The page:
We are at the half-way point of the semester as fall descends on East Tennessee. The colors are popping from the oak and maples trees across campus and our UT Volunteer football team is enjoying an undefeated season for the first time in more than two decades. It’s great to be a Tennessee Vol y’all!
In this edition of Dialogue, I have a couple of important reminders.
Faculty Engagement Expectations
As we prepare for the end of the semester, I would like to address some ongoing questions and confusion about winter break and when faculty should expect to be available. As questions came in about expectations for faculty engagement during the extended period between the end of the fall semester and the beginning of the spring semester, the Provost’s office drafted the following statement:
Nine-month faculty are expected to work 39 weeks over the academic year. This is equal to 9/12ths of a 52-week calendar year. Appointments begin August 1 and conclude at the end of the spring semester, with a three-week break spanning December and January, inclusive of university closures.
Since there are five full weeks between winter graduation and the first day of the spring term, departments can decide whether faculty will participate in service after the end of the fall semester and/or before the beginning of the spring semester. For example, it is reasonable to expect faculty to be back on campus by January 9, 2023, to work on graduate student decisions, hiring decision, visits by job candidates, etc., if that is when they are needed.
Grant Proposal Deadlines
Next, I want to remind everyone about the importance of the new policy for proposal submission deadlines as outlined here on the ORIED website. The proposal deadline of five business days before the submission has been in place for many years, but expectations of what was due were unclear. The new policy, which goes into effect November 1, makes it clear that staff in the Division of Research Administration expect a complete proposal by the five-day deadline – not just a draft budget and proposal outline. This small shift in time is long overdue, but it is a big help to making sure the grant meets expectations while allowing staff to have a reasonable work/life balance. Additionally, careful data planning and excellent writing is what makes a grant successful. If you wait until the last-minute to submit a grant, the likelihood of it getting funded is very small.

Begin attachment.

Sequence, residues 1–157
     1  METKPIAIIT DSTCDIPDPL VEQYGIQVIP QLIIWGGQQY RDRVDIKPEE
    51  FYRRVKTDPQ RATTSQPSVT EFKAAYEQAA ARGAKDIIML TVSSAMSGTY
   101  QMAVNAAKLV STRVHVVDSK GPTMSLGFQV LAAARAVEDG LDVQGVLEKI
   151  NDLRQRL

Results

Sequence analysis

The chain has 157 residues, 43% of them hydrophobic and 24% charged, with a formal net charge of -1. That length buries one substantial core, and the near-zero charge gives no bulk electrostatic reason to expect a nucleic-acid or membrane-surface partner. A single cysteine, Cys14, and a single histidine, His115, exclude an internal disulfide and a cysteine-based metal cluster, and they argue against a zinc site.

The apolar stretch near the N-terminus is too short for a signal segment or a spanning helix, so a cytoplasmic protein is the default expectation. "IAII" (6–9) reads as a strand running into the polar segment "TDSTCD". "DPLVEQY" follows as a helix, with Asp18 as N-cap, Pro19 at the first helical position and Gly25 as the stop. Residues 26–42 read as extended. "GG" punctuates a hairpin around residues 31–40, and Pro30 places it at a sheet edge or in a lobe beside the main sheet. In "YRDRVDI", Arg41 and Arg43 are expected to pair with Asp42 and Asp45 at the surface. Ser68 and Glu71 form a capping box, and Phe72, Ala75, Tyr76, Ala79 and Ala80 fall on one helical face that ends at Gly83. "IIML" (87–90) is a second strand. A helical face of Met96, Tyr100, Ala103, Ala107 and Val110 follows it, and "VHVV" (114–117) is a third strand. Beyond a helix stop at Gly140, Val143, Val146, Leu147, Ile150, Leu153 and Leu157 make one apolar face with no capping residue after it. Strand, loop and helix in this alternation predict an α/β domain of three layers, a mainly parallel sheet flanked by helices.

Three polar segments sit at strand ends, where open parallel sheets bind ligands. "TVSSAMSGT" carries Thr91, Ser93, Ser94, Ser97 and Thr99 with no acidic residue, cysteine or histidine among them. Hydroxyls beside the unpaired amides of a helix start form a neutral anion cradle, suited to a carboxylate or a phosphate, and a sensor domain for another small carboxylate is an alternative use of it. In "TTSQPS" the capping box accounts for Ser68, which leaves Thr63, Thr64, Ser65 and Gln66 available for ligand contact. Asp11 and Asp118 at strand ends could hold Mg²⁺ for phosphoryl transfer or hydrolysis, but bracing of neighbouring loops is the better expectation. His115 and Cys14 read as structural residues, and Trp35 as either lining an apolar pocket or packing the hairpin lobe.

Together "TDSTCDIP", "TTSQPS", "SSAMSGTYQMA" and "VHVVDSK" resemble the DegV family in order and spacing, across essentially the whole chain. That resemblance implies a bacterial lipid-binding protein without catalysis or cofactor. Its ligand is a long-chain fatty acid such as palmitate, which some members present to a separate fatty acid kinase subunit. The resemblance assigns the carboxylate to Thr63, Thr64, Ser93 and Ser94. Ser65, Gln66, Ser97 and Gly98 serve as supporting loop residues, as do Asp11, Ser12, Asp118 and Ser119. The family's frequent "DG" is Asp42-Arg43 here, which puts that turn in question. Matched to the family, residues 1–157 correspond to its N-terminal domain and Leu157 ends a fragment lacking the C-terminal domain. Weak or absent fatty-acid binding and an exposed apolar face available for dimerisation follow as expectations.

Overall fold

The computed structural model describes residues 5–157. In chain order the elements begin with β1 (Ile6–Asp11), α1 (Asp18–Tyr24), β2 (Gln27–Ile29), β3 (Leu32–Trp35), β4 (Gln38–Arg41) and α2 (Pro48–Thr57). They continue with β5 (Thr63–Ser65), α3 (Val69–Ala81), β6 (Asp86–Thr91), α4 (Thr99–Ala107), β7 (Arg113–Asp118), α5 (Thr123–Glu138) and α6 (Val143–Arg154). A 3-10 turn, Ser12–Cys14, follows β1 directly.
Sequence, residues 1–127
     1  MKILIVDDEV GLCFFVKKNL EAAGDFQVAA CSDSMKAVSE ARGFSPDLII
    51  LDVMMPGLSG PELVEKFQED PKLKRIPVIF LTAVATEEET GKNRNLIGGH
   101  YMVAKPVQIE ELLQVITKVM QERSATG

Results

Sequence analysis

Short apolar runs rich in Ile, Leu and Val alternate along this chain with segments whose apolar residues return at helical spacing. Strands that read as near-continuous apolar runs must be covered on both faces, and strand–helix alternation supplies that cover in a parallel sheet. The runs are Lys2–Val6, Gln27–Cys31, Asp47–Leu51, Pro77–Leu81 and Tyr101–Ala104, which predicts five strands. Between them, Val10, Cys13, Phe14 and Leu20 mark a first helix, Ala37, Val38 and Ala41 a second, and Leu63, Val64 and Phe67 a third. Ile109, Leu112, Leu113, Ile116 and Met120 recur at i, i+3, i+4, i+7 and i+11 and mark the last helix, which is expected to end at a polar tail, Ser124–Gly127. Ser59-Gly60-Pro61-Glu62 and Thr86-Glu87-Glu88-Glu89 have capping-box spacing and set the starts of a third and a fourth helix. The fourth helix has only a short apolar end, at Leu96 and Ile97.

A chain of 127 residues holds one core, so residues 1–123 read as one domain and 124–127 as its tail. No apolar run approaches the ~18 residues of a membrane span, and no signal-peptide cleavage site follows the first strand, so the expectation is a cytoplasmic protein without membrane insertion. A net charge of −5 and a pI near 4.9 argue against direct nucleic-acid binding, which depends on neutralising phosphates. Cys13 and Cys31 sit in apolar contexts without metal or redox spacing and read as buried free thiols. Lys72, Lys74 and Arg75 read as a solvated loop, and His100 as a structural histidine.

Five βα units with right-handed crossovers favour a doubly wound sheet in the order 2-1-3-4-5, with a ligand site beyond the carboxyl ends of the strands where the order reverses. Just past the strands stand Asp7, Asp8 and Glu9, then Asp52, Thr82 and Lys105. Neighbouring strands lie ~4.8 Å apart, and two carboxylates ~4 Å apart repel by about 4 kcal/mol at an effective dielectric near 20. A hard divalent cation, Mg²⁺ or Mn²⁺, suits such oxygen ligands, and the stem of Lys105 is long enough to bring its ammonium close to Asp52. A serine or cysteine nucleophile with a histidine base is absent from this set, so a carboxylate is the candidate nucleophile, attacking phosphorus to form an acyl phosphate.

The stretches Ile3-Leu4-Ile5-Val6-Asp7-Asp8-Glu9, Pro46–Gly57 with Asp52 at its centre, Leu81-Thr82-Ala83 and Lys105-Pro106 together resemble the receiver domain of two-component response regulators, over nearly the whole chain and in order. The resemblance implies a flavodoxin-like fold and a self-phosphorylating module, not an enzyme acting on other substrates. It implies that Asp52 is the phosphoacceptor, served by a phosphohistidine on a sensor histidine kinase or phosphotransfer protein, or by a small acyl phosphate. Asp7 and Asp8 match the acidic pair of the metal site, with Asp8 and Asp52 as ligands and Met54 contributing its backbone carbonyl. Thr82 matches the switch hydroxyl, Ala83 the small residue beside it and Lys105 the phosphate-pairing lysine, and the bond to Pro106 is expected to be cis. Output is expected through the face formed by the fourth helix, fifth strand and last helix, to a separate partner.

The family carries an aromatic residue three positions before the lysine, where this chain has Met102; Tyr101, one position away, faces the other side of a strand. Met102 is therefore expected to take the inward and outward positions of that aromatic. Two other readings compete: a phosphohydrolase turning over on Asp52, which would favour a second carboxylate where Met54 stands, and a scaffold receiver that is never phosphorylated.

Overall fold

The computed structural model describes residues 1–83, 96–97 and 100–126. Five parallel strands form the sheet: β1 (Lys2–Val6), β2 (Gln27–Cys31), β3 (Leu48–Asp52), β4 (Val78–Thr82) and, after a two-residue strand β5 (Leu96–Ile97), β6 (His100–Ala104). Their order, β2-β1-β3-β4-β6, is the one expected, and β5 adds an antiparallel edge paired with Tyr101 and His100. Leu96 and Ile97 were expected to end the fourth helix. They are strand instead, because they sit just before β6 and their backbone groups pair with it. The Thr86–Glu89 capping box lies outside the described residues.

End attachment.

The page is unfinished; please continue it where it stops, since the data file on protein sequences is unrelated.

Speaking of proposals, I would like to thank all the faculty who worked on creating cluster proposals across departments and colleges. Of the 10 finalists, eight proposals included departments from our college. Regardless of which ones make it to the final stage, there are some wonderful ideas to pursue. I really appreciate the work many of you put into these proposals.
A quick reminder about the UT Campus Chest Campaign, which ends Friday, November 4. This campaign gets at the heart of what it means to be a Volunteer and focuses attention on the health and social services needs of East Tennessee communities. Giving opportunities range from independent regional agencies to member agencies of Community Shares and United Way of Greater Knoxville. Learn more about the campaign online at campuschest.utk.edu.
Change in College Structure
Finally, in case you have not seen the many messages reporting on a change in the college structure, let me summarize. The Chancellor has proposed to create a School (College) of Music that is separate from the College of Arts and Sciences. The music faculty voted to pursue that possibility, which must be approved by the Board of Trustees.
The remainder of the college will remain intact, but organized around three broad divisions:
- Arts and Humanities
- Social Sciences
- Natural Sciences and Mathematics
Each division will be led by a divisional dean who will report to the executive dean. The divisional deans will assist with the management of the college, which, in my opinion, will be very helpful as the workload at the college level – particularly for managing hiring, retentions, promotions, etc., – has become too much work for one associate dean. More information about the entire academic restructuring initiative is available here on the Chancellor’s website.
Last week, Provost Zomchick named RJ Hinde as interim executive dean for the college. Hinde, vice provost for academic affairs and professor of chemistry, will begin his appointment November 1, but focus only on the implementation of the new divisional structure to be launched in July 2023. He will lead discussions within the college on the job descriptions and run the internal search. I will remain dean and run the college as it exists now until I step down June 30, 2023.
Thank you for all you do for your units, our college, and the university.
Theresa M. Lee
Herbert Family Dean
College of Arts and Sciences